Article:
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Essential reading for anyone interested in the future of the global economy and their own prospect, The Age of Stagnation incisively explains the problems confronting us, how we’re making those problems worse, and what the real solutions are. For ordinary individuals, the goal of a steady job, a home of one’s own, a comfortable retirement and a good life for our children is receding. In this brilliantly clear-eyed account, Satyajit Das links past, present and future to show that it’s not just unrealistic expectations, but the poor performance of those governing us that are to blame. The strategies and policies deployed to promote economic growth after the Great Recession have failed, not least because such growth cannot continue indefinitely. The solution – structural change – is electorally unpopular and therefore ignored. The Age of Stagnation explains why the ultimate adjustment, whether stretched out over time or in the form of another sudden crash, will be life-changing. An internationally respected commentator on financial markets, credited with predicting the Global Financial crisis and featured in the 2010 Oscar-winning documentary Inside Job, Satyajit Das is our finest writer about money and the global economy. Informed, impassioned, lively and witty, The Age of Stagnation is the only book you need to understand what the future will bring.

Why Did Europe Conquer The World

Author : Philip T. Hoffman
ISBN : 9781400865840
Genre : History
File Size : 30. 93 MB
Format : PDF, ePub
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Between 1492 and 1914, Europeans conquered 84 percent of the globe. But why did Europe rise to the top, when for centuries the Chinese, Japanese, Ottomans, and South Asians were far more advanced? Why didn’t these powers establish global dominance? In Why Did Europe Conquer the World?, distinguished economic historian Philip Hoffman demonstrates that conventional explanations—such as geography, epidemic disease, and the Industrial Revolution—fail to provide answers. Arguing instead for the pivotal role of economic and political history, Hoffman shows that if variables had been at all different, Europe would not have achieved critical military innovations, and another power could have become master of the world. In vivid detail, Hoffman sheds light on the two millennia of economic, political, and historical changes that set European states on a distinctive path of development, military rivalry, and war. Compared to their counterparts in China, Japan, South Asia, and the Middle East, European leaders—whether chiefs, lords, kings, emperors, or prime ministers—had radically different incentives, which drove them to make war. These incentives, which Hoffman explores using an economic model of political costs and financial resources, resulted in astonishingly rapid growth in Europe’s military sector from the Middle Ages on, and produced an insurmountable lead in gunpowder technology. The consequences determined which states established colonial empires or ran the slave trade, and even which economies were the first to industrialize. Debunking traditional arguments, Why Did Europe Conquer the World? reveals the startling reasons behind Europe’s historic global supremacy.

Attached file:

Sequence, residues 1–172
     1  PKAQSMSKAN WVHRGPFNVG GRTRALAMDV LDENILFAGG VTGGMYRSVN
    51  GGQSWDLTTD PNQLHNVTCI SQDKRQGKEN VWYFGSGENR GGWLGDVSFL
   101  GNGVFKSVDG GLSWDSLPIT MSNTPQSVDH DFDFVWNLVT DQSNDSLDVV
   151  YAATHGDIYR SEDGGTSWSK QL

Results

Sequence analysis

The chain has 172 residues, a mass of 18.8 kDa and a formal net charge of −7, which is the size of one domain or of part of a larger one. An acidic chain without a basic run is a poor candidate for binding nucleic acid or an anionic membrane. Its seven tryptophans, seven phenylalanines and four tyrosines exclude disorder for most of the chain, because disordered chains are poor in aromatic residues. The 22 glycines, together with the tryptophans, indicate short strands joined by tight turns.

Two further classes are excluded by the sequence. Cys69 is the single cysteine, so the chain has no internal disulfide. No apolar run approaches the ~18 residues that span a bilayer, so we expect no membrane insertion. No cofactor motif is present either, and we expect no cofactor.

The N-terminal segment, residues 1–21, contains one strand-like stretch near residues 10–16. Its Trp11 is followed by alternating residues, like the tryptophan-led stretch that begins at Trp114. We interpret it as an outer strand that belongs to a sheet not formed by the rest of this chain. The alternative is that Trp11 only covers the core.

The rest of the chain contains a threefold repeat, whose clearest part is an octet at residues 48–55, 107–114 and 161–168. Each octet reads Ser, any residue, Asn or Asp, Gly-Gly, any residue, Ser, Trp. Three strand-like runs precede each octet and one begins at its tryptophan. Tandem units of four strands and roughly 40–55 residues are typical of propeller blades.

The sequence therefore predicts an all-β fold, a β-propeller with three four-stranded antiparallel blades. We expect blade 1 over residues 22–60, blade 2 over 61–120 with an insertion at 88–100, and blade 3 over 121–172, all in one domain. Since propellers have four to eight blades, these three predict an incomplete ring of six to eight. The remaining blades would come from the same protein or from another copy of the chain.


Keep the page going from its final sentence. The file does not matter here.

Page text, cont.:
Why Australia Prospered

Author : Ian W. McLean
ISBN : 9781400845439
Genre : Business & Economics
File Size : 87. 17 MB
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This book is the first comprehensive account of how Australia attained the world's highest living standards within a few decades of European settlement, and how the nation has sustained an enviable level of income to the present. Why Australia Prospered is a fascinating historical examination of how Australia cultivated and sustained economic growth and success. Beginning with the Aboriginal economy at the end of the eighteenth century, Ian McLean argues that Australia's remarkable prosperity across nearly two centuries was reached and maintained by several shifting factors. These included imperial policies, favorable demographic characteristics, natural resource abundance, institutional adaptability and innovation, and growth-enhancing policy responses to major economic shocks, such as war, depression, and resource discoveries. Natural resource abundance in Australia played a prominent role in some periods and faded during others, but overall, and contrary to the conventional view of economists, it was a blessing rather than a curse. McLean shows that Australia's location was not a hindrance when the international economy was centered in the North Atlantic, and became a positive influence following Asia's modernization. Participation in the world trading system, when it flourished, brought significant benefits, and during the interwar period when it did not, Australia's protection of domestic manufacturing did not significantly stall growth. McLean also considers how the country's notorious origins as a convict settlement positively influenced early productivity levels, and how British imperial policies enhanced prosperity during the colonial period. He looks at Australia's recent resource-based prosperity in historical perspective, and reveals striking elements of continuity that have underpinned the evolution of the country's economy since the nineteenth century.